Thursday, May 23, 2019

Two Snakes Embrace in a Preserved Princeton Farm Field


I recently met with DR Greenway's Cindy Taylor to discuss management of 4.5 acres of farmland preserved by Mercer County. The land is strategically located next to Veblen House and Herrontown Woods, near the corner of Snowden Lane and Herrontown Road. It seemed destined to be added to Herrontown Woods, but was not included in last year's transfer of Herrontown Woods from county to town ownership.

While walking the property we nearly stepped on a couple snakes out mating in their field. From what I've heard and read, there are venemous snakes in northern and southern New Jersey, but not here in the central region. This one, or two, look like something a botanist would call a garter snake. I hope they didn't mind too much our human curiosity.

Up until a couple years ago the land was owned by John Powell, who was manager of the Weller farm before it became Smoyer Park. Each year on his six remaining acres of pasture, John would grow a couple head of cattle, a picturesque reminder of when Jac Weller had a real farm across the road, with bulls that would occasionally escape, prompting a surprised neighbor to call the farm to report that there was a bull in the backyard.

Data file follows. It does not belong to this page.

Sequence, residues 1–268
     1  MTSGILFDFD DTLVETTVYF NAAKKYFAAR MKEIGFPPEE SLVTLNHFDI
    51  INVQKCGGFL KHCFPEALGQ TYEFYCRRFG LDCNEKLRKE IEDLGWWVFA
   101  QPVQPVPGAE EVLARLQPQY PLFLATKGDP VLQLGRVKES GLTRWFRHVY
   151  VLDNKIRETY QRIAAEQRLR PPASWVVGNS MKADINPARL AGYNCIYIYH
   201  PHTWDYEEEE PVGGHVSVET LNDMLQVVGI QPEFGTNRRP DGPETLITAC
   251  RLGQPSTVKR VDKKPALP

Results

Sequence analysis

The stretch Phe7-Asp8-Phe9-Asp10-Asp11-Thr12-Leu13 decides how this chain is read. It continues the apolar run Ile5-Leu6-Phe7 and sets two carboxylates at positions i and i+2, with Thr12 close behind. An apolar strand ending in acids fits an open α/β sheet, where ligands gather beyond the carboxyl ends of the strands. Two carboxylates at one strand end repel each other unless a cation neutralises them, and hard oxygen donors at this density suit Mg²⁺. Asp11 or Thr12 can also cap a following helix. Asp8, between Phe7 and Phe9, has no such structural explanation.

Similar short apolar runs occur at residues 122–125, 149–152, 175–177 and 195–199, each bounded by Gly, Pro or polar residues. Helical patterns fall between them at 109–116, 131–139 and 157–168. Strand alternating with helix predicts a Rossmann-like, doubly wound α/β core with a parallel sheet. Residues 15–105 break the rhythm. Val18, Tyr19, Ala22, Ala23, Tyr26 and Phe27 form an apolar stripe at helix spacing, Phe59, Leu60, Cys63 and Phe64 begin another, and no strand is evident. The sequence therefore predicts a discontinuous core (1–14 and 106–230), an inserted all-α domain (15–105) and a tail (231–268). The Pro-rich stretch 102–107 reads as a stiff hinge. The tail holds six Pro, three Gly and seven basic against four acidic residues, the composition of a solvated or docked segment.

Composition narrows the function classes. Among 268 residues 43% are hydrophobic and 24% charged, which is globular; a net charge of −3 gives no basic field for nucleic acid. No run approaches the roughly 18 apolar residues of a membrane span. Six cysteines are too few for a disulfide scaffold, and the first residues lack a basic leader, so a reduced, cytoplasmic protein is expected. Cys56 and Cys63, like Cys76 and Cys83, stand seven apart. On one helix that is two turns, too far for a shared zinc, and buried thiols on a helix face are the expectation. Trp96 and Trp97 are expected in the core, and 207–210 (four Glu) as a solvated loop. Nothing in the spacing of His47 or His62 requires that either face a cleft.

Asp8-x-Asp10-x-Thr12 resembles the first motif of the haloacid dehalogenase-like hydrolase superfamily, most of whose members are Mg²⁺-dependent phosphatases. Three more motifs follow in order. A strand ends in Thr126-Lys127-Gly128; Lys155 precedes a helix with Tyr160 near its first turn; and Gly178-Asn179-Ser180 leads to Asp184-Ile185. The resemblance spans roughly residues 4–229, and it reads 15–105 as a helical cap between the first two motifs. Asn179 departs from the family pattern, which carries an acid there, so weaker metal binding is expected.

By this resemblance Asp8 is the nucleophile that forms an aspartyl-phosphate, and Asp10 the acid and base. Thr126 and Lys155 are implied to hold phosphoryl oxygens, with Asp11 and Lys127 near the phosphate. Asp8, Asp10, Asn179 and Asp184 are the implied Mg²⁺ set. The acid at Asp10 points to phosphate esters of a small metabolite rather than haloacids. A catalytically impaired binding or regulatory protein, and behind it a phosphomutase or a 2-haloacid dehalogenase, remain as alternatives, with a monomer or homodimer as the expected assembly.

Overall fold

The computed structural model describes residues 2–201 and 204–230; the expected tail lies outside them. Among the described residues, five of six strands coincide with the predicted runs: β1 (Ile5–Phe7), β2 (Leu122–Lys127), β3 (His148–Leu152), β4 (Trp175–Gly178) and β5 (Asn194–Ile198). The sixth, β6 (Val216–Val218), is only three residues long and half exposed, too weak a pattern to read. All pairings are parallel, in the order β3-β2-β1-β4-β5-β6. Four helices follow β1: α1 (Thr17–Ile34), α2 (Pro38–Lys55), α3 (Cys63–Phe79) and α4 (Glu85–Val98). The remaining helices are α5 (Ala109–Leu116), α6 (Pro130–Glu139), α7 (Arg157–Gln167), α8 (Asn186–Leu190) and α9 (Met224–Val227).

The preserved land includes a small pond that's filled in spring with spring peepers.

The 4.5 preserved acres are as close to a clean slate as we get in Princeton. Do we keep it as pasture with mostly nonnative grasses? Or do we shift it to native prairie grasses and wet meadow wildflowers? Periodic mowing would be needed in either case. Letting it grow up in trees would reduce even further the places where shade-intolerant plant species can grow. Or can it still perform some farm-like function? I showed NOFA-NJ (Northeast Organic Farmers' Association) the site years ago, including the adjacent farmhouse, without success.


Meanwhile, we continue our travel through the 21st century. Ash trees on the neighbor's property succumb to Emerald Ash Borer,


while garter snakes know what to do with a field, even if we do not.



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